Smart cities require smart insurance programs
The rise in autonomous vehicles has required many cities and counties to examine the impact self-driving vehicles will have on traffic enforcement, insurance, even registration and licensing. This all leads to the issue of how autonomous vehicles and traditional vehicles can share the road — and how municipalities can ensure that their insurance coverage is up to date.
Believe it or not, autonomous vehicles are already all around us. According to the National Conference of State Legislatures, 29 states have enacted legislation allowing autonomous vehicles. California just approved permits allowing the testing of autonomous light trucks for commercial purposes.
First, let’s define autonomous vehicles. There are six levels of autonomy starting from zero, meaning the vehicle is completely human operated. Level one allows for cruise control. At the far end, is level five, where the vehicles are fully automated with zero human assistance.
Insuring autonomous vehicles while they are being tested among commuter traffic is a concept that’s new in the industry. Traditional and existing policies written for municipalities don’t take into account a city owning and operating this kind of testing facility.
For example, we had to take all of these items into account when we worked with Peachtree Corners, Ga. to create an insurance program for their project, the Curiosity Lab at Peachtree Corners. The Curiosity Lab was a part of a recent Smart City Expo in Atlanta. It’s the first smart city living laboratory of its kind in the U.S.
We collaborated with industry experts and the city’s leadership team to devise a program that anticipated all of the variables at play, including cyber security and the autonomous vehicle exposures.
Proponents claim autonomous vehicles will help lower the rate of auto crashes. But insurers say the connectivity and real time data allow insurance companies and actuaries to set rates based on an individual’s driving record and not a rate based solely on profile.
Ordinarily, historical exposures and loss experience serve as a general guide to structuring a risk management program specific to an industry. Municipalities are no different. Their needs tend to center around property and casualty coverages, with a few key tailored coverage items like public officials and law enforcement liability.
In working with municipalities on this kind of program, it’s vital to address four key challenges:
Challenge #1 Retaining program simplicity
Most agents strive to keep clients with the fewest number of underwriters or carriers to maximize cost efficiency, reduce administrative needs, and reduce the likelihood of coverage gaps or finger-pointing between carriers. Underwriters who consider municipalities typically do not consider the risks associated with autonomous vehicles and technology laboratories. This can be overcome with a manuscript endorsement to coordinate coverage between carriers.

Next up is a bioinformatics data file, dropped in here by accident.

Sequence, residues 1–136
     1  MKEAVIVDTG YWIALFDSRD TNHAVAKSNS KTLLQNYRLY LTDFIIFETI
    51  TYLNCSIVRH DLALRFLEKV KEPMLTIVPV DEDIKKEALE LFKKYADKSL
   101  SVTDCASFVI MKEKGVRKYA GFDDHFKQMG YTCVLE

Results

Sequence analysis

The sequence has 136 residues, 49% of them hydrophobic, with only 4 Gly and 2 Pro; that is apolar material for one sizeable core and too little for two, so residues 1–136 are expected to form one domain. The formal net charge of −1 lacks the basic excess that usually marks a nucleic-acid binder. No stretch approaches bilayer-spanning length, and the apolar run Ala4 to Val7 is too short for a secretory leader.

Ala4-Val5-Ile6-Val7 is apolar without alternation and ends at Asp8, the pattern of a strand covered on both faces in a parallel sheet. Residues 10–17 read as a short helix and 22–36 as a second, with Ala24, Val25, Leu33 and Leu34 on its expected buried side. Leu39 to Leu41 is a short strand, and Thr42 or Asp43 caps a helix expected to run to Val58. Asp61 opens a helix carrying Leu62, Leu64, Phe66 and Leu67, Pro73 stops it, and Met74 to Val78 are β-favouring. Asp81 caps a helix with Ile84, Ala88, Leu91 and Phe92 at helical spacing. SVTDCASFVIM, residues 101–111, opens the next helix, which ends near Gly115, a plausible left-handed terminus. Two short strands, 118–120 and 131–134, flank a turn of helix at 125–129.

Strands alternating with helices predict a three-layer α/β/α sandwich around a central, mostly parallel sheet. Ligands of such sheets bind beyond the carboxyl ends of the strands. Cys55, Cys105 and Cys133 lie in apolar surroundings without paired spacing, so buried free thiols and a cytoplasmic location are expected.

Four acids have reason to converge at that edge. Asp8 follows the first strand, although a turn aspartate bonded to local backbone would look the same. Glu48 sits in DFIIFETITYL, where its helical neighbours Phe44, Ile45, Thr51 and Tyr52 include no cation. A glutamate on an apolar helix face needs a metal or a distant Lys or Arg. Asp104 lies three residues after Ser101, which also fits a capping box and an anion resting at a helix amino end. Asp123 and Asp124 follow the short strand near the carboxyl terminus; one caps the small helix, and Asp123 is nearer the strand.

Challenge #2 Public officials’ liability
This is a coverage that is very standard to a municipality. However, coverage must be retained for any public official and their liability arising out of the oversight and involvement with the autonomous vehicle test track. Not unlike directors and officers of public and private companies, public officials can be held liable for wrongful acts in the performance of their duties. In the Peachtree Corners case, the addition of an autonomous vehicle track and living technology laboratory created a unique blend of exposure to this type of loss.
Challenge #3 Cyber liability
Cyber liability has evolved over the course of the past decade. With the IoT (Internet of Things), there are more concerns from an underwriting perspective and more coverage needs from the client’s perspective. Additionally, the potential for data collection and extraction by malicious actors presents another unique challenge for appropriately structuring the cyber coverage.
Challenge #4 Third party bodily injury and property damage
These are two coverages often included with a standard general liability policy. However, an added exposure for our client is third party bodily injury and property damage stemming from a cyber hack of technology. The sensors, vehicles, and various other technology found in autonomous vehicle tracks create access points which could be compromised and potentially lead to accidents. Our program contemplates this exposure and addresses it for our client
The insurance industry is constantly changing as new innovations come into play. Inventions that change how we live and work always lead to questions and concerns about the potential implications – positive and negative — of these new discoveries. In the case of the autonomous vehicle test track, we collaborated with multiple partners to create an insurance program that encompasses the unique nature and innovation of this project. We hope this program is a model for coverage as more autonomous vehicles arrive on our roadways.
Matt Cail is the client adviser for STerling Seacrest Partners, a privately held risk management company.